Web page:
“If it can be done on the Web, build it for the Web; if it can’t, build an app.”
Alex Schleifer, GM of the Media Lab at SAY Media
Thanks to Apple’s iOS and Google’s open source Android OS, smartphone and tablet apps have enjoyed a period of astounding success over the past few years. Towards the end of 2010, Wired magazine even declared that “the Web is dead.” Who needs browsers when we have apps galore on our smartphones and tablets? Well, fast forward 18 months and things have changed. Browsers are starting to trend up again and some online businesses are turning away from apps.
SAY Media’s Alex Schleifer is the lead designer for ReadWriteWeb’s re-design (currently in process) and his quote above captures why mobile websites are enjoying a renaissance. When smartphone apps first got popular, after Apple’s App Store was launched in July 2008, they offered an immediate jump in functionality for mobile content. Previously, mobile websites were minimalist and often painful to use. Compared to mobile sites circa 2008, iPhone apps were attractive and easy to use. Apps could also tap into functionality native to the OS, for example using GPS in a location app.
the rise of HTML5, the next generation of the Web’s markup language HTML, the attractiveness and functionality of mobile websites has gotten richer and more interactive. That’s what Schleifer means by “if it can be done on the Web, build it for the Web.” In 2008, it may not have been possible to get the functionality you wanted via a mobile website. But in 2012, more often than not it can be done on the Web.But with
One of the most compelling case studies of this shift away from apps and back to websites came earlier this week from Jason Pontin, the Editor-in-Chief and publisher of Technology Review. iPad and Android tablet apps for magazines have been a big trend over the past couple of years, spurred on by dwindling print magazine sales. But according to Postin, the dream quickly soured. After launching iOS and Android apps in January 2011, Technology Review ran into development, sales and other difficulties. The overhead was too much:
“Absurdly, many publishers ended up producing six different versions of their editorial product: a print publication, a conventional digital replica for Web browsers and proprietary software, a digital replica for landscape viewing on tablets, something that was not quite a digital replica for portrait viewing on tablets, a kind of hack for smart phones, and ordinary HTML pages for their websites.”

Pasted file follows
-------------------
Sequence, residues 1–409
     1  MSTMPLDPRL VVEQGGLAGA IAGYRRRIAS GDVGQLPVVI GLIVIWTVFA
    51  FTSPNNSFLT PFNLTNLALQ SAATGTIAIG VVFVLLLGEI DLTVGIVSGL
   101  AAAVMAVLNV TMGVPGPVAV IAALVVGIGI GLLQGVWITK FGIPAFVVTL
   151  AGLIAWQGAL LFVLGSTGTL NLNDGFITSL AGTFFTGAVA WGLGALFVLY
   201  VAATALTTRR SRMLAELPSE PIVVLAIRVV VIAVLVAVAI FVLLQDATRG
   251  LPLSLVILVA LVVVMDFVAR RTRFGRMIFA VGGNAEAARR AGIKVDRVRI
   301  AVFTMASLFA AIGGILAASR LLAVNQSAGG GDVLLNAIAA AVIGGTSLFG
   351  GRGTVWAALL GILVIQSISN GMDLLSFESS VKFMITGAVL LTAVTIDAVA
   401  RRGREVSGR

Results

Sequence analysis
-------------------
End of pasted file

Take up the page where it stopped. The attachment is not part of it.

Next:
All of that work and for disappointing sales. Technology Review sold just 353 subscriptions through the iPad. Postin also noted the “walled garden” effect of having its media content effectively locked up in an app, which resulted in less of the “linky-ness” that readers expect on the Web.
Technology Review has decided to “kill” its iOS and Android apps, opting instead for an HTML5 website that will work across all devices.
Of course not all online businesses will do this. Some products, such as Flipboard and Evernote, function much better as native apps. Flipboard’s beautiful user interface and Evernote’s smooth navigation would suffer by running in the browser.
Some products will opt to cover their bases and have both an app and a mobile site. Amazon flirted with an HTML5 site to replace its Kindle iPad app, to see if it could route around Apple’s 30% cut of sales made within apps. But despite the impressive functionality of the HTML5 Kindle site, the fact remains that the iPad app offers a slightly better experience for Kindle users.
Ultimately, deciding whether to kill an app will be both an economic as well as functional decision. For Technology Review, and for us at ReadWriteWeb, building an all-purpose fully responsive HTML5 website makes much more sense. Build once and deploy on multiple platforms. That’s what the browser is good at.
Make no mistake, there is a trend happening: HTML5 websites are usurping apps in some areas. Media apps will be one of the first categories to be killed off, but over time we’ll see more apps migrate to HTML5. Particularly as some very large companies on the Web, notably Facebook and Google, are heading in this direction already.
What has your experience been like with HTML5 websites on mobile devices, compared to native apps?
Google just announced a range of updates to Google+ video hangouts, declaring its intention to move social networking “beyond the status update.” Any conversation on Google+ can now “go live,” with a ‘Hangout’ button underneath every post. Clicking ‘Hangout’ starts a video chat with everyone involved in the thread. This feature will work through Google+ Messenger in upcoming versions of the native Android and iPhone apps.